8. Explorers of the Wild is one of the more popular picture books in my library. We buy pretty much everything Cale Atkinson does, he is one of the more local picture book authors for us, and as you wrote, his art really pops off the page. I find the pre-K and K to really adore that particular title and one of them almost always asks if they can sign out right after I read it.
    I also really appreciated your thoughts on Stepping Stones, thanks for the great reviews.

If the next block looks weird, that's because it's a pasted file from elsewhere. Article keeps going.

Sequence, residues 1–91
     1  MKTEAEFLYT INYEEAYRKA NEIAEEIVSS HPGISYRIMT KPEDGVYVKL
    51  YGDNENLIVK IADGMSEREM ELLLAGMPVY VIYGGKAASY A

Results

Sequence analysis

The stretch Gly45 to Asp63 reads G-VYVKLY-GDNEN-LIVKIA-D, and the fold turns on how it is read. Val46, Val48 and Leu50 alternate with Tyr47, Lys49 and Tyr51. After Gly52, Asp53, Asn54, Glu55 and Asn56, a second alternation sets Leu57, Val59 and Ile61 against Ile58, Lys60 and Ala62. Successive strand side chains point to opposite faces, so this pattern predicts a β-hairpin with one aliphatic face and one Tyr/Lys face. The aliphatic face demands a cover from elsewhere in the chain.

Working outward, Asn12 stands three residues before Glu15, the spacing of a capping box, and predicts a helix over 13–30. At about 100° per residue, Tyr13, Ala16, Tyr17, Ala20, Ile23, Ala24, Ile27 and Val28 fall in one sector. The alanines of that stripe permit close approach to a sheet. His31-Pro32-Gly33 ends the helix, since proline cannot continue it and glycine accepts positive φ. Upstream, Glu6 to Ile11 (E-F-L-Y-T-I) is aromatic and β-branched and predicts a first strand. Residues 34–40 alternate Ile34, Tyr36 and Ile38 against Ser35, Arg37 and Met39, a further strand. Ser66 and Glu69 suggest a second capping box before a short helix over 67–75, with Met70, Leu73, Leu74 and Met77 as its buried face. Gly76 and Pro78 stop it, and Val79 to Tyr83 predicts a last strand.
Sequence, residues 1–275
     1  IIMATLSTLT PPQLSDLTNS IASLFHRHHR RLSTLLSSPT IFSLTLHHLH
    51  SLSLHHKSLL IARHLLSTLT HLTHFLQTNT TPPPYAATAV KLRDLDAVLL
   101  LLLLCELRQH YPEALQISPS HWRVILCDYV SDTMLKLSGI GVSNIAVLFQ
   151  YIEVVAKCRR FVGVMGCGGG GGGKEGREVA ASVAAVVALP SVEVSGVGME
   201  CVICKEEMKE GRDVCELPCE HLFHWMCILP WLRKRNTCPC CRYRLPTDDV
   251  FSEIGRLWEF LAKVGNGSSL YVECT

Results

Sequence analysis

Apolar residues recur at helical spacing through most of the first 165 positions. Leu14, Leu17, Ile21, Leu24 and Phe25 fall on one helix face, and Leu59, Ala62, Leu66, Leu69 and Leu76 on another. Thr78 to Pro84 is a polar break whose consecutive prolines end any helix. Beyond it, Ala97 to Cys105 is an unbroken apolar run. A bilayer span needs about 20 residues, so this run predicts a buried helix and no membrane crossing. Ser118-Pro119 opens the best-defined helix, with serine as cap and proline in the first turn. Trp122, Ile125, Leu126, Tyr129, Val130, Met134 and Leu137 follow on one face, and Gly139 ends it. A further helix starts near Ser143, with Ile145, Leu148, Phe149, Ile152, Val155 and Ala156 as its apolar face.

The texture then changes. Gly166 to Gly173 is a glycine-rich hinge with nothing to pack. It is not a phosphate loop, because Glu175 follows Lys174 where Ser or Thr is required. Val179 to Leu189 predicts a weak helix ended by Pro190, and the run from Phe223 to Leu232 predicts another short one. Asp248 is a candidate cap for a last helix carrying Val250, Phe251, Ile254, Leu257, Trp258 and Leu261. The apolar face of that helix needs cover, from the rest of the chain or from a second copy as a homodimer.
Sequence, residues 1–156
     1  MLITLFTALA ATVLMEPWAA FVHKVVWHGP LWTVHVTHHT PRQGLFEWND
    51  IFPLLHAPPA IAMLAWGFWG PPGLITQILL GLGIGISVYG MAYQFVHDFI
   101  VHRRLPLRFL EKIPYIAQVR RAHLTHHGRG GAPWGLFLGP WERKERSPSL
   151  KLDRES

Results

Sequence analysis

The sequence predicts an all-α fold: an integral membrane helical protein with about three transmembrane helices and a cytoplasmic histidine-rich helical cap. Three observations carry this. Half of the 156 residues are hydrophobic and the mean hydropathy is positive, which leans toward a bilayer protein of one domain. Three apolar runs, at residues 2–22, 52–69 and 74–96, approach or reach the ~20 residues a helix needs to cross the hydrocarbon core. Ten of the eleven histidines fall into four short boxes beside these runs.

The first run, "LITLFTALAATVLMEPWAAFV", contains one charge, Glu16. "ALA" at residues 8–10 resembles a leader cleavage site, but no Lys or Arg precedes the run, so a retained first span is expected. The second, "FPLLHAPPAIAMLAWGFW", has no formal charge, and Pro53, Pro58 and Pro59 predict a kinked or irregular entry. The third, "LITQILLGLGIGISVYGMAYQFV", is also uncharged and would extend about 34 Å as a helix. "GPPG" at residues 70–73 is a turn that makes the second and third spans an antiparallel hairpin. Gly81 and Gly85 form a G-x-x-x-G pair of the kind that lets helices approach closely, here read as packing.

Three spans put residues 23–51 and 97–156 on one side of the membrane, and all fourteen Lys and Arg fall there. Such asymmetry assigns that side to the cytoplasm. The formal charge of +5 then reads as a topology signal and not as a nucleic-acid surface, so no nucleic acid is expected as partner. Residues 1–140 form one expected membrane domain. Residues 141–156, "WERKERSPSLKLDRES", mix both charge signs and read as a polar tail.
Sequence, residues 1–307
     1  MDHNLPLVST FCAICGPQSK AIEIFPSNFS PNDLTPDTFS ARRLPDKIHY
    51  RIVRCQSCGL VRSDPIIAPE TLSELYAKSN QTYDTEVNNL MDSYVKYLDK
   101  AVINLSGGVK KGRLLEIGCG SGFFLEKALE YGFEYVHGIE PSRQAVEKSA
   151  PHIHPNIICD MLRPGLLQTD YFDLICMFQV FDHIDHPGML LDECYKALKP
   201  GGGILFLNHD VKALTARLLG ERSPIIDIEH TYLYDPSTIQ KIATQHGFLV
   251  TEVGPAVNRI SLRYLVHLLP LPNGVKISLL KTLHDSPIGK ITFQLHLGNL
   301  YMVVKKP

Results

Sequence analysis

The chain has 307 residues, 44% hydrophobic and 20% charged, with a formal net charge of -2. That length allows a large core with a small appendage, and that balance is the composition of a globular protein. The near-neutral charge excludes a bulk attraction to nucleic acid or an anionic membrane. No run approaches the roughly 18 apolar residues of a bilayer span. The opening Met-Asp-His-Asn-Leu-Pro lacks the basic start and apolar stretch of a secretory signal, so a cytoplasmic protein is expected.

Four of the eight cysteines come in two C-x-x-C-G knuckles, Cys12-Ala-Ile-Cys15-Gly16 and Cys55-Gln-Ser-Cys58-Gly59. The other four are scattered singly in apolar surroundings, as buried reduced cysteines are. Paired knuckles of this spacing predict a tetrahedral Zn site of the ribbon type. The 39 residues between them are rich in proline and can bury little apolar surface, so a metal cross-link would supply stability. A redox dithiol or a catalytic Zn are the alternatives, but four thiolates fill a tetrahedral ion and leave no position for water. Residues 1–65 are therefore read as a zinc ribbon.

9. I am with you in picture book limbo! I found a copy of Poky Little Puppy under a bookcase while reorganizing my shelves and read through that.

    Thanks for the teaching practice rec; that looks fascinating.

Leave a Reply

Fill in your details below or click an icon to log in:

WordPress.com Logo

You are commenting using your WordPress.com account. Log Out /  Change )

Google photo

You are commenting using your Google account. Log Out /  Change )

Twitter picture

You are commenting using your Twitter account. Log Out /  Change )

Facebook photo

You are commenting using your Facebook account. Log Out /  Change )

Connecting to %s